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California Olives

Background

According to the California olive industry, olives originated in the Mediterranean countries of southern Europe. Olives were brought to Mexico, and subsequently to California, in the 1700s. However, commercial production did not begin until the 1800s. The industry developed at that time to satisfy the rising demand for olive oil, and production began to flourish in the Central and northern valleys of California. Originally, California olive production was intended for oil. By the early 1900s, however, advances in canning technology promoted higher returns for canned olives, and producers changed to producing olives for canning.

Overview

Today, California remains the only U.S. state to commercially produce olives. Over 99 percent of production is canned as California-style black olives. Much of the olive oil consumed in the United States is imported. The USDA classifies the olive as a fruit, not as a vegetable or an oilseed.

Because of its historic predominance for canning, California production comes mainly from table olive varieties. The two main varieties of table olive trees in California are Manzanillo and Sevillano. Manzanillo olives are ideal for the black ripe market but can also be used for making oil. Given its low oil content, the Sevillano variety is used primarily in the table olive market. In 2007, 112 thousand tons of Manzanillo olives were produced and 14 thousand tons of Sevillano olives (NASS).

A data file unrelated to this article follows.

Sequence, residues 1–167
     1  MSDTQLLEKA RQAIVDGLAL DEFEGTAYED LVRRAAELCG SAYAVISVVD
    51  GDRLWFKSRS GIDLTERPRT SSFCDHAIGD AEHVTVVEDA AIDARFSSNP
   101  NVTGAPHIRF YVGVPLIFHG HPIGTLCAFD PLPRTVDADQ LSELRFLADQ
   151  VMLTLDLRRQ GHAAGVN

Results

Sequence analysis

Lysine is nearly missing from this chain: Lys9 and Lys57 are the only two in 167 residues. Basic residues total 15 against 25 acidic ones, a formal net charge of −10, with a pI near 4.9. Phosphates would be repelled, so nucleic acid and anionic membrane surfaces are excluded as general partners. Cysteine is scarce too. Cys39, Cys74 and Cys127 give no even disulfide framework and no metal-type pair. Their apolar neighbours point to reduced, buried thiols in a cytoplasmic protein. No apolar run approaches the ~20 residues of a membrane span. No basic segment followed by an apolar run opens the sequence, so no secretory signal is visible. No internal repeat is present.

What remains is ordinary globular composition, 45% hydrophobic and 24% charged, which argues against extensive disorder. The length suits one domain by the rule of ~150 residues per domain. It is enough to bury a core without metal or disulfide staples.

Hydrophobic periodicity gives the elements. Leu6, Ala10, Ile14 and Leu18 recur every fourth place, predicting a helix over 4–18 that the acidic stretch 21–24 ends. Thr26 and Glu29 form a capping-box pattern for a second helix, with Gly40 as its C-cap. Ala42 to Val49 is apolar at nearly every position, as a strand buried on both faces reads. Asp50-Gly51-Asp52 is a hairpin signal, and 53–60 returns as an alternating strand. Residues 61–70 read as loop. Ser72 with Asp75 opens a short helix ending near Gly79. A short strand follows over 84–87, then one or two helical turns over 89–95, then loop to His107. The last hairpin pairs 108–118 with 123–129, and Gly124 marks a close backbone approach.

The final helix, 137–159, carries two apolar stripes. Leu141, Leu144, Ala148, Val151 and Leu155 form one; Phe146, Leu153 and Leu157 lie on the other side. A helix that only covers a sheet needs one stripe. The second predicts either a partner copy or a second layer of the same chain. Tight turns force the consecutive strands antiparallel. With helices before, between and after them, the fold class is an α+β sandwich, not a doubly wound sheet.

Value-Added Marketing for Olive Oil

Historically, the olive oil industry in California has existed mainly as a option for olive producers in years when production was especially large or when harvested olives were of poor quality. In recent years, U.S. demand for olive oil has increased dramatically, but much of the increase has been met by European processors. Despite this European dominance, the California industry has grown in recent years, but much of the growth has occurred in niche products, allowing U.S. producers to receive a premium sufficient to cover higher costs of production (Barrio and Carman). By 2007, over 400 olive oil companies existed in California.

Olive oil competes with other lower-priced vegetable oils such as canola, corn and safflower oils. Some U.S. producers believe that enforcement of grading standards as published by the International Olive Oil Council (IOOC) could help high-quality California producers compete with European imports. The California Olive Oil Council (COOC), founded in 1996, has established an Extra Virgin certification program that certifies oil that has been pressed from 100 percent California-grown olives and meets IOOC standards for chemical and sensory analyses.

Demand

Per person consumption of canned olives has been variable since 1970, ranging between 0.78 and 1.80 pounds. In 2006, per person consumption was 0.74 pounds of canned olives (ERS). Canned olives produced in the United States are often consumed on pizzas while most imported canned olives have been preserved and serve other uses. The continued popularity of Mediterranean cuisine also contributes to sustained consumption.